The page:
SMTP setup for CloudShare Sharepoint Foundation 2010 SP1 W/ Dev Tools Environment

As a developer, server administration is definitely not my area of expertise. Nonetheless, this post details how I set up SMTP and configured SharePoint’s out going emails on a CloudShare Sharepoint Foundation 2010 SP1 (Windows Server 2008 R2) with Developer Tools VM environment.

First, if you don’t already have one, get a gmail account. Then, start Server Manager.

Start Server Manager

Select Features, then SMTP Server and click Add Required Role Services.

This takes you back to the Add Features Wizard with SMTP Server checked. Click Next.

Click Next again.

Make sure all the IIS Management Tools are installed or checked to be installed. Then click Next followed by Install and Close.

Now open IIS 6.0 Manager. (Use IIS 6 Manager even though 7 is also installed.)

Right click the SMTP Virtual Server and select Properties.

Enable logging on the General tab.

Go to the Access tab and Authentication. Check all the options.

Go to the Delivery tab and select Outbound Security.

Check Basic Authentications, TLS and enter your gmail account credentials.

Click Okay and then select Outbound Connections. Change the TCP port to 587 for gmail.

Say Okay and click the Advanced button. Enter your CloudShare environment’s domain (computer) name and smtp.gmail.com as the Smart host.

Go back to the Access tab and select Connections. Click Only the List Below and Add.

Check Single Computer, click DNS Lookup, enter the environment’s domain name and click Okay.

The IP address will be populated. Click Okay twice.

Now, do the same thing for Relay on the Access tab. It is very important to restrict the computers that can relay! Be sure “Allow all computers…” is NOT checked and click Okay.

Next, check the security tab. I did not have to make any changes from those already specified:

Start Server Manager

Click Okay to close the properties box and then close the IIS 6.0 Manager.

Now, Open Services.

Right click on Simple Mail Transfer Protocol and select Properties.

Make the Start Up Type Automatic and click Okay. Close Services.

Now, go to Central Admin and System Settings.

Then Configure Outgoing Email Setting.

Enter your server name, gmail account and click Okay.

Finally, send yourself an alert (or other email) from your SharePoint site. You will receive an email from Google similar to this:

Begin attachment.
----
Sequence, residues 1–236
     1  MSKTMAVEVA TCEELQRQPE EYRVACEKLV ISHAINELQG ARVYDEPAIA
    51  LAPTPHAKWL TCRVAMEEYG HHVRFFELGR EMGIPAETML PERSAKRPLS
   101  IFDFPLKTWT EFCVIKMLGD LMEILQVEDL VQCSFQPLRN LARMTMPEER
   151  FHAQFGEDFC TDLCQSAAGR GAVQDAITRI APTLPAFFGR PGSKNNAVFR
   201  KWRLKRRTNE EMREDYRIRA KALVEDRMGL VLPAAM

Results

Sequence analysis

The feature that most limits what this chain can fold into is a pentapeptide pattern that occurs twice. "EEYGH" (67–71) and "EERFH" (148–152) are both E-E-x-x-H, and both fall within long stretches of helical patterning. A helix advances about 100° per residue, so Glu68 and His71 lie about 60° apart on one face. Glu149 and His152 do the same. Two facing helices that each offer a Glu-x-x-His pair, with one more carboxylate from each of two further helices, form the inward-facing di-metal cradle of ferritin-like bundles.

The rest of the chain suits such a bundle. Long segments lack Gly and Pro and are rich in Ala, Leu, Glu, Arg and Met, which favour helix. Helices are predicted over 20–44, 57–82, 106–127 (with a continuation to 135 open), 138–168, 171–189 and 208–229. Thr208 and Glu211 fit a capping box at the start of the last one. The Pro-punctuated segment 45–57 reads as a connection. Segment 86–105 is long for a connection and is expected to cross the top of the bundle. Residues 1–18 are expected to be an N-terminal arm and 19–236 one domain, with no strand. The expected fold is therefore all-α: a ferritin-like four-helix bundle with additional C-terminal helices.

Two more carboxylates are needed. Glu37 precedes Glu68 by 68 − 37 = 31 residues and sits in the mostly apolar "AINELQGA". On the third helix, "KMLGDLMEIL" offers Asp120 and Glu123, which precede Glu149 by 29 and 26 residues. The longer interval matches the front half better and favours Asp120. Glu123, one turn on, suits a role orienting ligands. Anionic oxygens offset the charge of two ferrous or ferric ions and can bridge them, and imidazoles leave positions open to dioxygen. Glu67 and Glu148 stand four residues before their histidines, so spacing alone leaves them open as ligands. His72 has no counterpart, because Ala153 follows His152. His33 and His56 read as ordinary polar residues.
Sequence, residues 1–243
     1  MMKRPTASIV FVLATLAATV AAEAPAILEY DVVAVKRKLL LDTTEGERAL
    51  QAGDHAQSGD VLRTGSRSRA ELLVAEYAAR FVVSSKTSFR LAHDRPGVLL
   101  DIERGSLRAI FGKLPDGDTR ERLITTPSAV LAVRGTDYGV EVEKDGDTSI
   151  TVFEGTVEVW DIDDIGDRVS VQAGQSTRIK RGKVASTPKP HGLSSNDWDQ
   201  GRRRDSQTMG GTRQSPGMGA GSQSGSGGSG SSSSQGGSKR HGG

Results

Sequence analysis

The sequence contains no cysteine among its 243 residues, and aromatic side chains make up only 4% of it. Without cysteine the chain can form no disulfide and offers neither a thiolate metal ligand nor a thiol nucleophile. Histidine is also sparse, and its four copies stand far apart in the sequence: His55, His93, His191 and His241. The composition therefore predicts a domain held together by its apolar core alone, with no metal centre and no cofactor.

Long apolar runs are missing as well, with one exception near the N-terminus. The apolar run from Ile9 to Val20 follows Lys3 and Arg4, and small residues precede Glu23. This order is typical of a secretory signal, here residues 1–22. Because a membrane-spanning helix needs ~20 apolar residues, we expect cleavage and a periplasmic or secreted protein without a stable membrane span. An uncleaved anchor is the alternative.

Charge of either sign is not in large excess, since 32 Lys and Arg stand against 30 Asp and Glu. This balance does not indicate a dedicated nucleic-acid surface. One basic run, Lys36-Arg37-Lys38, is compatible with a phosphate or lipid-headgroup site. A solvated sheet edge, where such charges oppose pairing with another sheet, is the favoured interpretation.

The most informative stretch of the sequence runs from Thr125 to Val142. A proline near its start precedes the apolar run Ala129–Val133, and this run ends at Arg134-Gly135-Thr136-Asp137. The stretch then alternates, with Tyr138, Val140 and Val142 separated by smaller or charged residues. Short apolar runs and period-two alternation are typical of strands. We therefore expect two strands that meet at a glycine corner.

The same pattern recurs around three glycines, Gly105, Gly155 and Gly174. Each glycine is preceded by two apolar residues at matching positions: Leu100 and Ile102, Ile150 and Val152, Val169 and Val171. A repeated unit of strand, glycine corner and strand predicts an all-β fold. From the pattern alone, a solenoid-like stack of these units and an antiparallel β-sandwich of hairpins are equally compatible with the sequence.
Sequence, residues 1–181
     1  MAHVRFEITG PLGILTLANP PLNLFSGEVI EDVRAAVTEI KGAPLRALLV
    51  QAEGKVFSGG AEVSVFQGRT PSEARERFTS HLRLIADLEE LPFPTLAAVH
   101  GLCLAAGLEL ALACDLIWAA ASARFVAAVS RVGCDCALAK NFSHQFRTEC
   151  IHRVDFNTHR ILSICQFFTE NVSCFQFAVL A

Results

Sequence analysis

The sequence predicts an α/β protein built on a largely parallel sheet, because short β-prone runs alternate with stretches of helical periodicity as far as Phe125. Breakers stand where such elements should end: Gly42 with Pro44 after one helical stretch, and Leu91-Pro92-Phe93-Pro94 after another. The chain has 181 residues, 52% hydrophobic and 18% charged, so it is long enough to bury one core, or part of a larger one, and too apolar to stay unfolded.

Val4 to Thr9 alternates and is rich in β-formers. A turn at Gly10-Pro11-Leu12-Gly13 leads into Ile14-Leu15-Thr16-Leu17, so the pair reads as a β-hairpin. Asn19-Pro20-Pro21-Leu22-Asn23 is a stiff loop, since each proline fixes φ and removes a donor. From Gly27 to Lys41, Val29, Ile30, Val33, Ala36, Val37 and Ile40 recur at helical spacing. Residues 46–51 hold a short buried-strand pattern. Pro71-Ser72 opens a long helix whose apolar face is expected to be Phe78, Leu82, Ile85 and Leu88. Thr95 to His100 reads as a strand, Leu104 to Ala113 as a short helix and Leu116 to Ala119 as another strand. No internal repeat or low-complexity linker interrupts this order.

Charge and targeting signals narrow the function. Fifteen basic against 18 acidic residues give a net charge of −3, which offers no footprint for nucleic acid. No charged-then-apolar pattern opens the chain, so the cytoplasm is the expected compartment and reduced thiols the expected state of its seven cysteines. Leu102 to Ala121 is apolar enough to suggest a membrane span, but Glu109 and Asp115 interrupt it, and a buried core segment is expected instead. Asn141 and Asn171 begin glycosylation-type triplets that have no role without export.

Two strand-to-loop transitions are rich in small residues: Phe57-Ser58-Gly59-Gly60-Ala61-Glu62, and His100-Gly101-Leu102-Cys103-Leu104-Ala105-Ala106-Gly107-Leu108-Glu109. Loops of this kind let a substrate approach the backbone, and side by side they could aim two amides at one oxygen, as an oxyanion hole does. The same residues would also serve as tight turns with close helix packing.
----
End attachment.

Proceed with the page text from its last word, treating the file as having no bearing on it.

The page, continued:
Someone recently tried to use an application to sign in to your Google Account – mygmail@gmail.com. We prevented the sign-in attempt in case this was a hijacker trying to access your account. Please review the details of the sign-in attempt:

Thursday, January 17, 2013 6:38:11 PM UTC IP Address: 11.111.111.111 (computername)
Location: Somewhere, USA

If you do not recognize this sign-in attempt, someone else might be trying to access your account. You should sign in to your account and reset your password immediately.

If this was you, and you want to give this application access to your account, complete the troubleshooting steps listed at http://support.google.com/mail?p=client_login

Note: This email address cannot accept replies.

Sincerely,
The Google Accounts Team

Just follow the instructions in the troubleshooting link and send another email from your SharePoint site. Gmail should relay the email and you’ll receive the task or alert in the inbox specified for the SharePoint user.

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4 comments on “SMTP setup for CloudShare Sharepoint Foundation 2010 SP1 W/ Dev Tools Environment
  1. Aladdin Anvar says:

    Great article. After several days of working to setup outgoing email the above helped me to set this up.
    Question:
    Is this OK to open anonymous access? I saw recommendation at https://support.cloudshare.com/entries/22230148-how-to-disable-an-open-smtp-relay saying “uncheck anonymous” access. Does this work without selecting anonymous access?

    • Dedra says:

      Hi Aladdin, glad it helped! I read the same recommendation but I never could get it to work without anonymous access. I talked to a couple of SharePoint server admins who allow anonymous but only grant connections and relays from the SharePoint server. According to the admins, this effectively stops any external machine from relaying through your SMTP.

  2. Sai Gutta says:

    Hi Dedra,

    is there anyway i can test it outside sharepoint before using it in sharepoint like a powershell script, i used the below script

    $smtpServer = “sp2010.SPSTD.LOC”
    $msg = new-object Net.Mail.MailMessage
    $smtp = new-object Net.Mail.SmtpClient($smtpServer)
    $msg.From = “sairao77@gmail.com”
    $msg.To.Add(”sairao77@gmail.com”)
    $msg.Subject = “Nightly Log File”
    $msg.Body = “The nightly log file is attached”
    $smtp.Send($msg)
    It went throught but didn’t send any kind of message. is it gmail blocking it as spam ?

    • Dedra says:

      Hi Sai,

      I’ve yet to write a script or app to test it outside of SP but I’ll give it a try and post my results. In the meantime, have you tried sending a notification through SharePoint while monitoring the SMTP mail queue folder? It’s usually at C:\inetpub\mailroot\Queue. Any email notifications from SharePoint that have yet to be sent will be queued up in this folder. Or routed to the Badmail folder in the same location.

      -Dedra

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